Ethier appears to be improving

Ethier appears to be improving

ST. LOUIS -- Andre Ethier hasn't liked losing playing time because of the Manny Ramirez acquisition any more than Juan Pierre or Andruw Jones, but he's determined to make the most of it.

Ethier hasn't complained and said he's focused on turning a negative into a positive, which might help explain why manager Joe Torre started Ethier over Pierre on Wednesday night, after saying a day earlier that Pierre would start.

"I liked what I saw last night, and that's why he's in there," Torre said of Ethier, who singled in the ninth and 10th innings of an 11-inning loss. "When the game sped up, he stayed right there. He's come a long way for me in the last month or three weeks."

Torre feels that way even though Ethier is hitting only .224 since the All-Star break. Ethier admits it's unsettling not knowing each day whether he's playing.

"When I get the chance, I'll be happy with it, and when I don't I'll be happy anyway," said Ethier. "This is a chance for me to also learn by watching a guy like Manny play and watch his approach in the game and in the environment we're in of a playoff run. I'm not saying I'd rather sit. I'd rather play. But if this is it, I'll take a positive out of it."

So, what positives has he taken from watching Ramirez's first four games as a Dodger?

"Just about everything," said Ethier. "His approach as a hitter, and it starts [from] in the dugout to when he gets on deck and in the box. The presence he commands, the attention from everybody on the field and in the stands. It's because of the numbers he's put up, but also from the way he carries himself. You don't realize how important that is.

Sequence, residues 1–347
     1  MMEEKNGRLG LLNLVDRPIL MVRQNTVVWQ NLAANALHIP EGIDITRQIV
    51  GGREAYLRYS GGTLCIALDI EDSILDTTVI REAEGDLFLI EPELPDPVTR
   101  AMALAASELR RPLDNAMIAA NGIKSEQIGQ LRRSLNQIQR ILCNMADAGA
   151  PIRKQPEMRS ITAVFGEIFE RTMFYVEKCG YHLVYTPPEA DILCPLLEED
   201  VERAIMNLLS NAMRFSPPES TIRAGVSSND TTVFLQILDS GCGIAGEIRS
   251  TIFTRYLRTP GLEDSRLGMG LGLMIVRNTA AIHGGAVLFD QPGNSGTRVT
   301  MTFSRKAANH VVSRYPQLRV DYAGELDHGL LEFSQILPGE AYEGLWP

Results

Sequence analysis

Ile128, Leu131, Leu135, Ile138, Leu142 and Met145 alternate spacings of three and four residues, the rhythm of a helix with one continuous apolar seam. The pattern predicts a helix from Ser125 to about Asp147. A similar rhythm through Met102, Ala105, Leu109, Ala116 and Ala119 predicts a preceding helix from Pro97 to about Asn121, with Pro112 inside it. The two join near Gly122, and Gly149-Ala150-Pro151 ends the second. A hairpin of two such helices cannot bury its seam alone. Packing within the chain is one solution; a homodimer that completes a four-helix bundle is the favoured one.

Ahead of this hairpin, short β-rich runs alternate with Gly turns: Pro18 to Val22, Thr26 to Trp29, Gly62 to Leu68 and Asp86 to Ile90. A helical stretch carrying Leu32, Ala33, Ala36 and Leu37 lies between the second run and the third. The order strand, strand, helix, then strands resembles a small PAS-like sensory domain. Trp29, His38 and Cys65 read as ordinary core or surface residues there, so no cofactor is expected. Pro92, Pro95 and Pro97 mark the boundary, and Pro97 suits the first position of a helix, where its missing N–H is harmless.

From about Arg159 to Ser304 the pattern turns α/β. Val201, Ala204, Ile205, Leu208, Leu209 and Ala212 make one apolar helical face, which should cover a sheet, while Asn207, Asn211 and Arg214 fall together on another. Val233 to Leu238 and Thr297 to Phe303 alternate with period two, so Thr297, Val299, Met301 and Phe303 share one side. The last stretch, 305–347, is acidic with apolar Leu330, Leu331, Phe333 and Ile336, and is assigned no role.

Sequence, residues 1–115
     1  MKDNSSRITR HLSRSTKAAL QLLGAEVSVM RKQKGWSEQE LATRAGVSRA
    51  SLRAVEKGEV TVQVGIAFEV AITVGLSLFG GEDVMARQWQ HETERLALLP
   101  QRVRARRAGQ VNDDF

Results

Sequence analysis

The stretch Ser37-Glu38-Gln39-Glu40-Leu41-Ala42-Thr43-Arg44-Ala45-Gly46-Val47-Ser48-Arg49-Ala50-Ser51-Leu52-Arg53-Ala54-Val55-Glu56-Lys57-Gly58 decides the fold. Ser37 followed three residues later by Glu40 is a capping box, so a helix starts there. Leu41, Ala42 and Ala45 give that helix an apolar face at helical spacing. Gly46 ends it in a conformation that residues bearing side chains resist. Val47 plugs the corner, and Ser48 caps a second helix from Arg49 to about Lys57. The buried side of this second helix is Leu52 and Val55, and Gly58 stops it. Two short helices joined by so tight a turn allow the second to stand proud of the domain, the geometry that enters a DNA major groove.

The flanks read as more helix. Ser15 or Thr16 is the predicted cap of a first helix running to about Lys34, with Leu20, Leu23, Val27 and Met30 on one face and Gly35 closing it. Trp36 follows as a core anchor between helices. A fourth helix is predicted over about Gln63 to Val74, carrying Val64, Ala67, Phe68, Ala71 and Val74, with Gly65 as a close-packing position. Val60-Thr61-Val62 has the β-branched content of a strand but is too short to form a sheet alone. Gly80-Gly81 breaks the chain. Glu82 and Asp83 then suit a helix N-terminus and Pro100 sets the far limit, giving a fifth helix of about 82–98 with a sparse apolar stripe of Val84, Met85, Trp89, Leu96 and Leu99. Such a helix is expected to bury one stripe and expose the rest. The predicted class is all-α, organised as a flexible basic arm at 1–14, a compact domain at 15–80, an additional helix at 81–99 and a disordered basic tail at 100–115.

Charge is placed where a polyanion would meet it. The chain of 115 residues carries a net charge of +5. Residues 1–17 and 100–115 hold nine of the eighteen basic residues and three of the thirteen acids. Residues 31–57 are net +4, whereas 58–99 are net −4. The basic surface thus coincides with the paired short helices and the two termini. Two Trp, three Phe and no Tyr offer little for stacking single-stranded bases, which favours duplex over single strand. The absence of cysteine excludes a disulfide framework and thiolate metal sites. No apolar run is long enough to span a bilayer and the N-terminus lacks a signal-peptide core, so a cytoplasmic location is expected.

"I see the way he gets locked in before he even gets to the plate. There's not a lot of jabbering from him when he's about to hit. There's a certain preparation needed to get to that level, and I might not have picked all of this up if I had been playing every game. Sometimes you get caught up in your preparation and outcome and results. I could sit in the dugout and say, 'Why me?' I've decided to get something out of it, and it can make me better in the long run."

Torre's lineup had Russell Martin catching and second baseman Jeff Kent resting, replaced by Pablo Ozuna. For Wednesday's day game, Martin will not start and Kent will return to the lineup.

The lineup also again had Ramirez sandwiched by young hitters Martin batting third and James Loney batting fifth. Torre said he spoke to Martin after Tuesday night's loss, particularly about his 10th-inning strikeout with one out, runners on first and third and Ramirez on deck.

"I told Russell after the game, 'You go up with the knowledge that the pitcher has to pitch to you, but you still have to do a little work,'" said Torre. "You have to show the pitcher he still has to throw you strikes.

"A big part of [Ramirez's] protection [in Boston] came from the guys ahead of him. If he hits without runners on base, there's no guarantee what his average will be, or his patience. Guys at the top of the order, it's important for them to get on base to get him the pitch to hit."

Torre said he's seen no sign that Ramirez will change his approach having gone from the protection of veterans David Ortiz and Mike Lowell to Martin and Loney, with Kent dropped to sixth against right-handed pitching.

"Manny will be what he is," said Torre. "He laid off tough pitches last night on that ninth-inning walk. He's got great baseball instincts."

Ken Gurnick is a reporter for This story was not subject to the approval of Major League Baseball or its clubs.